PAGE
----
A history of the CIA is a history of one debacle after another. The organisation murdered, manipulated and mismanaged its way across the globe for decades, and a reading of this utterly fascinating book goes considerably to understanding why America’s international standing is so poor. The senior management of the CIA lied to presidents, lied to the public, and lied to their own personnel. Australia’s intelligence services have long been closely associated with their American counterparts.
Extracts from Legacy of Ashes: The History of the CIA, by Pulitzer Prize winning author Tim Weiner:
Get rid of the clown’s, the president kept commanding. What use are they? They’ve got 40,000 people over there reading newspapers.
The US is spending $6 billion dollars per year on intelligence and deserve to get a lot more than it is getting.
Since Nixon’s days, the budget has ballooned. Now spy agencies, including the CIA and the NSA, are getting more than $52 billion and military intelligence another $23 billion, according to published estimates. Some sources of income are believed to be concealed.
FERMENTING HOLY WAR
The CIA’s biggest gun running mission was it’s global pipeline to the mujahideen, the holy warriors of Afghanistan, were fighting the 110000-man Soviet Army of occupation. It began under Jimmy Carter in January 1980. Because it was Carter’s idea, Casey did not embrace it wholeheartedly – not at first. But soon he saw the opportunity at hand.
“I was the first chief of station ever sent abroad with his wonderful order: go kill Soviet soldiers,” said Howard Hart, who arrived as the chief in Pakistan in 1981. “Imagine! I loved it.” It was a noble goal. But the mission was not to liberate Afghanistan. No one believed that the Afghans could actually win.
From the start, the Saudis matched the CIA support for the rebels, dollar for dollar. The Chinese kicked in millions of dollars’ worth of weapons, as did the Egyptians and British. The CIA coordinated the shipments. Hart handed them over to Pakistani intelligence. The Pakistani skimmed off a large share before delivering them to the exiled political leaders of the Afghan resistance in Peshawar, east of the Khyber Pass, and the rebel leaders cached their own share before the weapons ever got to Afghanistan.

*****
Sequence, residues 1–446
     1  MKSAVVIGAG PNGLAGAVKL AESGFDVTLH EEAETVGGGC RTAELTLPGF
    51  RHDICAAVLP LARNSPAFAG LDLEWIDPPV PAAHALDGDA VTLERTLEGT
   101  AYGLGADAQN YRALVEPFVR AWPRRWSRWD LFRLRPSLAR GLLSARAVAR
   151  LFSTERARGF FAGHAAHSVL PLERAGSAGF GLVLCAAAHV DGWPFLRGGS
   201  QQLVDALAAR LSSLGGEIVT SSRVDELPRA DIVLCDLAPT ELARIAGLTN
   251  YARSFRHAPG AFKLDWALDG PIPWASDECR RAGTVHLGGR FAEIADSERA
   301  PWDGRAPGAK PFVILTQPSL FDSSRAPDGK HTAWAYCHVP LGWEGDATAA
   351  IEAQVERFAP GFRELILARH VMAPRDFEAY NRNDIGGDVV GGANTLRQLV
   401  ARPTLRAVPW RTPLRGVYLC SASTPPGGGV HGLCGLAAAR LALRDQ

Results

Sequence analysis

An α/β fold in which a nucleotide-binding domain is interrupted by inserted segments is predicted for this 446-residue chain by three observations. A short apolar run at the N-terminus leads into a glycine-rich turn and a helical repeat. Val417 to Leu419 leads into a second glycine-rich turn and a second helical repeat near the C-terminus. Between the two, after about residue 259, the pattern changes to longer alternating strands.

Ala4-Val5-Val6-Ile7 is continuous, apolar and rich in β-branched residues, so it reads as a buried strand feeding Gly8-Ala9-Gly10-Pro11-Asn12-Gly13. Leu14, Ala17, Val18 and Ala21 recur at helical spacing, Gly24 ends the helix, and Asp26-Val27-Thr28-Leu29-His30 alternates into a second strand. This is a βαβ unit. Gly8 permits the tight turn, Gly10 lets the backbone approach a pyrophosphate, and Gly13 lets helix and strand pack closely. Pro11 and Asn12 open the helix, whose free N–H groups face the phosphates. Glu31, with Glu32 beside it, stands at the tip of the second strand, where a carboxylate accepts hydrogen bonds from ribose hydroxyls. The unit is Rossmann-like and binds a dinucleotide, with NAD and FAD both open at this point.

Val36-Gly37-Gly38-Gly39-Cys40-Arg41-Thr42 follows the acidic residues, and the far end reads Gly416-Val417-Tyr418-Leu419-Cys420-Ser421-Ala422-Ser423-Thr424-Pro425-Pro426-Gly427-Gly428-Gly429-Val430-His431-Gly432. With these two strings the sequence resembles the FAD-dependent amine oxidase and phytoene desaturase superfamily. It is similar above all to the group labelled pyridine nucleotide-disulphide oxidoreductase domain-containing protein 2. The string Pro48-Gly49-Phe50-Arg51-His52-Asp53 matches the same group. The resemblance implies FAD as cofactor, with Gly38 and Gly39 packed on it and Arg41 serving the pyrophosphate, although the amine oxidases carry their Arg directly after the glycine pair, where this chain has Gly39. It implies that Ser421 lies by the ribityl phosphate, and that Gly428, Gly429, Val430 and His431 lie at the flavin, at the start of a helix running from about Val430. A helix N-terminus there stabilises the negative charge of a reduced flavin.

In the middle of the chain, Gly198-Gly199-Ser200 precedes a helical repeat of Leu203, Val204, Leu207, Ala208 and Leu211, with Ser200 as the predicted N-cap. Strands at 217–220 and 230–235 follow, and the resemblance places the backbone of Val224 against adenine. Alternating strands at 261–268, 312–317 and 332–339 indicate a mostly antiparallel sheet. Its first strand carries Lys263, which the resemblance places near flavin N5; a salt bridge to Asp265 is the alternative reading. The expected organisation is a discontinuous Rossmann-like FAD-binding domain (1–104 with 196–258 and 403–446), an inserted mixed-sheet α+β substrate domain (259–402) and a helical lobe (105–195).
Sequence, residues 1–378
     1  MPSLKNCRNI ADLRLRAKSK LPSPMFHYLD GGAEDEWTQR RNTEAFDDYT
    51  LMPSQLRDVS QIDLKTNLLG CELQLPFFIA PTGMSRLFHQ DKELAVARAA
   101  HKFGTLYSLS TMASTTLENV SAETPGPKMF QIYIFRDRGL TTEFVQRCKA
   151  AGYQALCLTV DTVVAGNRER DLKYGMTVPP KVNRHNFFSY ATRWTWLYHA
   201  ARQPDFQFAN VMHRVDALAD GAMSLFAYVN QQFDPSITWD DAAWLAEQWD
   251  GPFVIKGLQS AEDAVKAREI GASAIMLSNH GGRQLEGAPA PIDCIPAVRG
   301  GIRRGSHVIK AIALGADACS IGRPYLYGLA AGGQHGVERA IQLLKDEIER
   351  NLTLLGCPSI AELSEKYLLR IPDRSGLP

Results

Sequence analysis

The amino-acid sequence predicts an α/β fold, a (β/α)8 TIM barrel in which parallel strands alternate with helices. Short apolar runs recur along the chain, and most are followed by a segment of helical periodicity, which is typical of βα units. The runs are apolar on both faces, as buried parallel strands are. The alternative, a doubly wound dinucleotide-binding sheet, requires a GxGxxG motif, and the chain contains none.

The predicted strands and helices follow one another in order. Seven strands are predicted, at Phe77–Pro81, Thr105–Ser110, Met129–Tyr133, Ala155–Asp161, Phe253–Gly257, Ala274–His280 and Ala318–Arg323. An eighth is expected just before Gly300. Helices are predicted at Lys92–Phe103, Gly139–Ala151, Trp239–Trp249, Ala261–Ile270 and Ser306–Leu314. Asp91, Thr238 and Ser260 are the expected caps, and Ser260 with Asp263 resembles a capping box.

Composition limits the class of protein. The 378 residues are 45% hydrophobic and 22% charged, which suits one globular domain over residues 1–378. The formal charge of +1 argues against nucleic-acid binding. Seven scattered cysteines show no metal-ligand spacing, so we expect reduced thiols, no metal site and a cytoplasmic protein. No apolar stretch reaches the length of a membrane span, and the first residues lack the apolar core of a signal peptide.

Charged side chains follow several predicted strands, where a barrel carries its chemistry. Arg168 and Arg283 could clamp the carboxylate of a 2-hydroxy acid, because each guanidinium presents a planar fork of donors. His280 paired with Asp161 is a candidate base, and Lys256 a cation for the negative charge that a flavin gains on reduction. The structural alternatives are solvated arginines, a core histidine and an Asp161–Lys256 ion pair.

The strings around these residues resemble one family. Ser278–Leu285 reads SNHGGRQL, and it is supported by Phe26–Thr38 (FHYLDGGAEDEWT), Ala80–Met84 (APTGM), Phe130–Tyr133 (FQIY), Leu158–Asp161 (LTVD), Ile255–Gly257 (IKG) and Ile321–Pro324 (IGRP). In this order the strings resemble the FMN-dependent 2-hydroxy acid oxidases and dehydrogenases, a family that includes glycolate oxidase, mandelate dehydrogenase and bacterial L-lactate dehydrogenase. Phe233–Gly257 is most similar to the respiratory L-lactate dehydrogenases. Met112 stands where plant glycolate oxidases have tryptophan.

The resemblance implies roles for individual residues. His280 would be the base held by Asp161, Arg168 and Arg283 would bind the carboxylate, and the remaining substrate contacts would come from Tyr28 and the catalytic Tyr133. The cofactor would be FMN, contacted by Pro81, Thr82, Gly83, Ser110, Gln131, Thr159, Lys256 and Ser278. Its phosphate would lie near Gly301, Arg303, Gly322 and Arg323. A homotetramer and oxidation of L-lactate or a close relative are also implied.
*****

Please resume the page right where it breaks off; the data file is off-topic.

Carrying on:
“We didn’t try to tell the Afghan Rebels how to fight the war,” John McMahon said. “But when we saw some of the Soviet successes against some of the mujahideen, I became convinced that all the arms that we had provided will not ending up in Afghan shooters hands.” So he went to Pakistani convened a meeting of the seven leaders of the Afghan rebel groups, who ranged from Parisian exiles wearing soft loafers too rough-hewn mountain men. “I told them I was concerned that they were siphoning off the arms and either caching them for a later day or, I said, ‘God forbid, you selling them.’ And they laughed. And they said, ‘You’re absolutely right! We’re caching some arms. Because someday the United States will not be here, and we’ll be left on her own to carry on our struggle.'”
The Pakistani intelligence chiefs who told out the CIA’s guns and money favoured the Afghan factions who proved themselves most capable in battle. Those factions also happened to be the most committed Islamists. No one dreamed that the holy warriors could ever turn their jihad against the United States.
ENTERING WAR WITH NO IDEA
Now Beirut was a battleground for the United States. But the CIA report, bereft of sources, have no impact whatsoever. American Marines residing with the Christians, American Jets were dropping bombs on Muslims, and American ships would loving one-ton shells into the hills of Lebanon without knowing what they were hitting. The White House at gone to war in the Middle East with no idea what it was getting into.
There is so much more.
Read the book.